Roald Dahl
Contributed by Pearl Vahle

Author’s Biography

Roald Dahl was born in Llandaff, near the Welsh capital of Cardiff, on September 13, 1916, to parents Harald Dahl and Sofie Magdalene Hesselberg. Dahl was raised by his single mother after the death of his father and sister when he was three. Dahl attended boarding school throughout his childhood, and joined the Public Schools Exploring Society on an expedition to Newfoundland before becoming a salesman for Shell Oil in Dar es Salaam. Dahl enlisted in the Royal Air Force in Nairobi at the start of World War II. After a crash landing in the Libyan desert, Dahl wrote Shot Down Over Libya, an account of the crash. After the war, while raising five children, Dahl began writing children’s stories. Over the course of his life, he worked as a novelist, short-story writer, poet, fighter pilot, screenwriter, inventor, spy and chocolate historian.

Dahl’s 19 children’s books include James and the Giant Peach, Charlie and the Chocolate Factory, Whitbread Award-winner The Witches, Fantastic Mr. Fox, The Twits, George’s Marvelous Medicine, and Matilda, a winner of the Children’s Book Award from the Federation of Children’s Book Groups. Dahl was also awarded the Mystery Writers of America’s Edgar Award three times. Dahl’s books are widely available in illustrated editions, and several—including James and the Giant Peach, Charlie and the Chocolate Factory, and Fantastic Mr. Fox—have been adapted to film. Dahl is also known for a large collection of adult short stories, including "The Landlady," "Beware of the Dog," "An African Story," and several others. Dahl is also known for writing screenplays for film and television, including the television shows Alfred Hitchcock Presents and Tales of the Unexpected, and films like Chitty Chitty Bang Bang and the James Bond film You Only Live Twice

Dahl died on November 23, 1990 of myelodysplastic syndrome, a rare blood disorder. He was 74.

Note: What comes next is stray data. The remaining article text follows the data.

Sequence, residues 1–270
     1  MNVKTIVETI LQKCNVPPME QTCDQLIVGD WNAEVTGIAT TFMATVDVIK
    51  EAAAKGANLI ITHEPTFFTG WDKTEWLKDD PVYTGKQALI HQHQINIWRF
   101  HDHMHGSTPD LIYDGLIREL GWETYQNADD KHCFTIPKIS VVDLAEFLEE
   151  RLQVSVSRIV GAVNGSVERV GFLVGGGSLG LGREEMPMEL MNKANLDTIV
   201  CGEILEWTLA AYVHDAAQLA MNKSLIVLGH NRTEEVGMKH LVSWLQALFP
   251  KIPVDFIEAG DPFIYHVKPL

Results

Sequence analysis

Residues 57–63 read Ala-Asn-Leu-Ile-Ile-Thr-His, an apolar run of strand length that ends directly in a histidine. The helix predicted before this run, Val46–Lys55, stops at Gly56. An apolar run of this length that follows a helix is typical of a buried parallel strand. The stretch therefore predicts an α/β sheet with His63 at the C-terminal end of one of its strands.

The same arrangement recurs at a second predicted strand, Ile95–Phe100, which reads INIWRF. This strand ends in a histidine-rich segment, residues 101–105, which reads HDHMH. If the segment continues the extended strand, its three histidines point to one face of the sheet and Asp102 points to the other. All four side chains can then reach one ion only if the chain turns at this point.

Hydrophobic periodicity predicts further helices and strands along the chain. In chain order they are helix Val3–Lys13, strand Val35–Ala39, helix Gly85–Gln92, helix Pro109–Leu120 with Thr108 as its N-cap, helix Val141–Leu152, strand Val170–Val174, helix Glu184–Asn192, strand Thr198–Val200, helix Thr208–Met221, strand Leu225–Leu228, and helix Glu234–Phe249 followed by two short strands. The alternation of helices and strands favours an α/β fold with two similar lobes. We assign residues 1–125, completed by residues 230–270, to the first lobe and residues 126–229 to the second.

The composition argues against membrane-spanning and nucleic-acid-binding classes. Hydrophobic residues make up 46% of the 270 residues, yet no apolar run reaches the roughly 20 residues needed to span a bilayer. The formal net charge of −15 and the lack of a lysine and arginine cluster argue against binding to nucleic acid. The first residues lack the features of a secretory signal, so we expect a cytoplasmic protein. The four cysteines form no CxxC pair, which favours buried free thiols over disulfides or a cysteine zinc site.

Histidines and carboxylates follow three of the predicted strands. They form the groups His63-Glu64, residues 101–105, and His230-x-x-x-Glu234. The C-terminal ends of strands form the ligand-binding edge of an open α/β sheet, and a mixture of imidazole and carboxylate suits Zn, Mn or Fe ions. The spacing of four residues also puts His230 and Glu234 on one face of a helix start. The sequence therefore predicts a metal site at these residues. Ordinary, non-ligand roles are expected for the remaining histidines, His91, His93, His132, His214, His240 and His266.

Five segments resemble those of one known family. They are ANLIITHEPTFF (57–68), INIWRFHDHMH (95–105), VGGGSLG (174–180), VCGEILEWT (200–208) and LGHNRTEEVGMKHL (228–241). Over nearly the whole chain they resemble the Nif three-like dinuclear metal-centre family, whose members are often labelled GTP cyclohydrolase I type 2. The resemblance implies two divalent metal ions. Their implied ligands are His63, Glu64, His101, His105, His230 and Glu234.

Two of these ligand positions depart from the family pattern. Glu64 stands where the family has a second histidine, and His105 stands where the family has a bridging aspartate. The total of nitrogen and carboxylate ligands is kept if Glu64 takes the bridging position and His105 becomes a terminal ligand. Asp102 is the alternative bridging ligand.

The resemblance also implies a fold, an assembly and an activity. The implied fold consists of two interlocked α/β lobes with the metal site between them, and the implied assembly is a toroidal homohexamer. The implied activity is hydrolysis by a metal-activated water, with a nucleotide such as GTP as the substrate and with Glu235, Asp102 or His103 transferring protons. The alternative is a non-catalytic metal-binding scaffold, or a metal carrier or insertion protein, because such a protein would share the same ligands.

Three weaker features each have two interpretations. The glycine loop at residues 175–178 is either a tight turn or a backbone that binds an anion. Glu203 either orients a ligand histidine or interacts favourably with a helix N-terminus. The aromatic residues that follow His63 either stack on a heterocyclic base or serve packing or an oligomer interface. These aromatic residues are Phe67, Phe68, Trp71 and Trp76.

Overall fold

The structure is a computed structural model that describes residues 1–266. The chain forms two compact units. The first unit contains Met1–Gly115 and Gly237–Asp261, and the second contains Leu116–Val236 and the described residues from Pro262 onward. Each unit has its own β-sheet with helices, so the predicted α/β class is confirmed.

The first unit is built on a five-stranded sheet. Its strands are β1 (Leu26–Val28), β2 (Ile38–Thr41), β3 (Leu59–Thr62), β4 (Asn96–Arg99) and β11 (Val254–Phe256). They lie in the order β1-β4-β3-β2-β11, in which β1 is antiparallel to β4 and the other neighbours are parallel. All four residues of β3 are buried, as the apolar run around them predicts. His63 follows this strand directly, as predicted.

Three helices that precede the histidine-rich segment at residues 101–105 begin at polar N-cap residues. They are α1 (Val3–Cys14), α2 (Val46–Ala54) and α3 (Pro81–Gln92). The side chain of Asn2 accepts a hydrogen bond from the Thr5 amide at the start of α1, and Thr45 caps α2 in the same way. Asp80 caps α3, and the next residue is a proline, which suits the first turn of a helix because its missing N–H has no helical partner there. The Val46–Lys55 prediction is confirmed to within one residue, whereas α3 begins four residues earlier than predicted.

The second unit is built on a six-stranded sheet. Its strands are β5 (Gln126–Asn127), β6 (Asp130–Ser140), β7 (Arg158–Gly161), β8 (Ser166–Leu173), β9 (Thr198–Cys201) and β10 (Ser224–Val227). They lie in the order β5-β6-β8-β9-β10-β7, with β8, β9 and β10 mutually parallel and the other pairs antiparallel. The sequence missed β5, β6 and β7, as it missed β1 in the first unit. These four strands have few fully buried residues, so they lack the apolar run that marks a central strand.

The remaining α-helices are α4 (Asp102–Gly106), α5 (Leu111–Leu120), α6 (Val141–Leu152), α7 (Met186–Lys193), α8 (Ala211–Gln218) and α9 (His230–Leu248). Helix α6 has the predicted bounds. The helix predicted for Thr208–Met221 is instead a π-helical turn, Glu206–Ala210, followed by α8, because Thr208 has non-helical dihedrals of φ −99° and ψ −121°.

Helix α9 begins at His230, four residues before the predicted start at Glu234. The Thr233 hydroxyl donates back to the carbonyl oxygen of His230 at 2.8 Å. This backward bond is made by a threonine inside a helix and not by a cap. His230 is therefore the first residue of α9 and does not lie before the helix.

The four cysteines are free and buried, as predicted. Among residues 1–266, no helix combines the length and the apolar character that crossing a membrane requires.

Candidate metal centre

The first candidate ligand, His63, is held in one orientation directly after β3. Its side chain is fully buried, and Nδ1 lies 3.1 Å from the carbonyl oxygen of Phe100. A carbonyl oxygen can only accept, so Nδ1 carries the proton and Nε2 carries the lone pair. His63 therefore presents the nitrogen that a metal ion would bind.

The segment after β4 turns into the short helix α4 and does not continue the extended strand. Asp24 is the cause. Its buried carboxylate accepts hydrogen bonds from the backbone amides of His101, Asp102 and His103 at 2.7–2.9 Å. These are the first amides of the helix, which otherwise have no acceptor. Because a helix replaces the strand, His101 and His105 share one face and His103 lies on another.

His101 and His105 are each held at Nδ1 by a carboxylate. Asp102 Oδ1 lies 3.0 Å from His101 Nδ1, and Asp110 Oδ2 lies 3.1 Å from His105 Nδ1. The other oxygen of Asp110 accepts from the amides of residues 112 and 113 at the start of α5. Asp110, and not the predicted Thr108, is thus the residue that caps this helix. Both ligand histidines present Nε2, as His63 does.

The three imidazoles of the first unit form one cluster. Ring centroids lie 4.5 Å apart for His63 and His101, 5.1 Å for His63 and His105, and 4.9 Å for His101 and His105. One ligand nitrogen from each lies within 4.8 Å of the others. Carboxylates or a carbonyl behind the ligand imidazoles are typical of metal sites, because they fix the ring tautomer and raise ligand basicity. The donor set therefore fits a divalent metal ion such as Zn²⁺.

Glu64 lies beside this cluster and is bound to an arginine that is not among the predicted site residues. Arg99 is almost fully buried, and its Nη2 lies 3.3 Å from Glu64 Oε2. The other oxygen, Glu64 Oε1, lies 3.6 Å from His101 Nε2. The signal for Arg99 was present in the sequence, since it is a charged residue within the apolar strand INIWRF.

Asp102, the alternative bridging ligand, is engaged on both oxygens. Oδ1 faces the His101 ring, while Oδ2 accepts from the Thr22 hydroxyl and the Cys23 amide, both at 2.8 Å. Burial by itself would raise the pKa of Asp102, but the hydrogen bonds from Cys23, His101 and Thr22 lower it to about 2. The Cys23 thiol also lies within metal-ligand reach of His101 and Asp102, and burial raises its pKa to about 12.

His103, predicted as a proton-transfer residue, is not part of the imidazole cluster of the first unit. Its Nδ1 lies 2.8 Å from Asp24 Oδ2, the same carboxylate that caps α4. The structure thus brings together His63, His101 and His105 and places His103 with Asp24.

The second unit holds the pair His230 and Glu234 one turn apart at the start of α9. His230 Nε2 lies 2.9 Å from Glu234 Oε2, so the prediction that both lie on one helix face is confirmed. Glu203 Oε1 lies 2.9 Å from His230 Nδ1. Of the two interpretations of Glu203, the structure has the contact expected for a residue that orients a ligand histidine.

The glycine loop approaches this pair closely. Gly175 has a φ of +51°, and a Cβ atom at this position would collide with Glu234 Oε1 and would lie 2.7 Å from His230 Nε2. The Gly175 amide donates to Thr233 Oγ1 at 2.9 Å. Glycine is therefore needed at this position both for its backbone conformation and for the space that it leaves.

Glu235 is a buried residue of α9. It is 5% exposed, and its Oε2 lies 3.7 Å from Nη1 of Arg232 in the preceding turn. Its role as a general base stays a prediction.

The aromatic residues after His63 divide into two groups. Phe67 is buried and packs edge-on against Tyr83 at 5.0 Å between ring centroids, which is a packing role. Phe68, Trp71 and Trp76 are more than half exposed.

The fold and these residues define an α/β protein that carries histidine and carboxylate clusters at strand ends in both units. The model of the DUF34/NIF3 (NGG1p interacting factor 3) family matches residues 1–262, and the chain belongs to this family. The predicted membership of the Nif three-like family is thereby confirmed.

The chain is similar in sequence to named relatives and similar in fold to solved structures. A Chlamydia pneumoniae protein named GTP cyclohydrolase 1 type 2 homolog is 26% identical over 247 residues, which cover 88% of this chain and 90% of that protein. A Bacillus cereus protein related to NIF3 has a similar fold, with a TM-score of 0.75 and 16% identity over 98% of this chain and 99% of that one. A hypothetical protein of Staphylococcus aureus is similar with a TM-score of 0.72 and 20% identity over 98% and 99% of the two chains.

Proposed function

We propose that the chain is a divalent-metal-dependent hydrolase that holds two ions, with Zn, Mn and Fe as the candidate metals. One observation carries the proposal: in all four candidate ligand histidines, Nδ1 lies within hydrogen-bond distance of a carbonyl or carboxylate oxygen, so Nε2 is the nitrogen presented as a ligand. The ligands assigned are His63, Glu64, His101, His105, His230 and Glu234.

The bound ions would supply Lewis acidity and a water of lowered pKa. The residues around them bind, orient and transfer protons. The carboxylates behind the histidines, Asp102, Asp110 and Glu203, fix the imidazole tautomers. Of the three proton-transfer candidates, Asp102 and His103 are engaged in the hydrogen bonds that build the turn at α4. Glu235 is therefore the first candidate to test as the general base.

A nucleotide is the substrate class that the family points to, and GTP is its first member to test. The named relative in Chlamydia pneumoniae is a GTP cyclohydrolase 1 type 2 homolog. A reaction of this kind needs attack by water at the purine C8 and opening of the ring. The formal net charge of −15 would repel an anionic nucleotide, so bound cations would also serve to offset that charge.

The BFG was written in 1982 by Roald Dahl. Dahl was a well-known author at this point, having already published popular books such as Fantastic Mr. Fox, Charlie and the Chocolate Factory, and Danny, the Champion of the World. These books established his legacy as a delightful children’s author. The idea for The BFG, the tale of a giant who captured dreams and gave the good ones to children, occurred to Dahl several years beforehand. He wrote the idea in his Idea Book, where he kept small ideas that he imagined. The basic idea was first used in Danny, the Champion of the World, as a bedtime story that Danny’s father told to Danny. Dahl also told the story to his own children as a bedtime story.

Essentially, the plot centers around a young girl named Sophie living in an orphanage with a mean headmistress. Lying awake one night, she sees the BFG coming down the road giving children dreams. He takes her away to the land of the giants, and there she must manage, with the BFG’s help, to not get eaten by the other giants who are not as nice as the BFG (by a long shot, for they eat children and are rude and nasty). She manages to outwit and stop them from going to eat the Queen of England with the assistance of the BFG. They get captured and everyone lives happily. The BFG even adopts Sophie.

The BFG, as well as the other giants in the story, speak in a sort of pidgin English, called gobblefunk. It is fully understandable, but peppered with gibberish words such as “ twitch-tickling” and “squiff-squiddled.” This was done to help further differentiate the giants from the humans and just to be funny of course. This is an example of Roald Dahl’s characteristic humorous style.

The BFG stands for "The Big Friendly Giant," which is ironic, as the BFG is the smallest giant by far compared to the other giants. He is, however, exceedingly friendly. The Queen of England plays no small part in this book. While she is only called “The Queen of England” in the book, the character is based on Queen Elizabeth II. The lead character of Sophie is named for Roald Dahl’s granddaughter, Sophie Dahl (

The BFG was given the honor of receiving the Federation of Children’s Book Groups Award in 1982. It is also Dahl’s favorite story that he has ever written. It has been translated into Spanish, German, Italian, French, Afrikaans, and Welsh. There has been one film adaptation and another is being planned. In 1989, ITV aired an animated version, starring Amanda Root as Sophie. A movie version of the BFG premiered in 2016 and starred Mark Rylance as the BFG (Debruge).

Have study documents to share about The BFG? Upload them to earn free Studypool credits!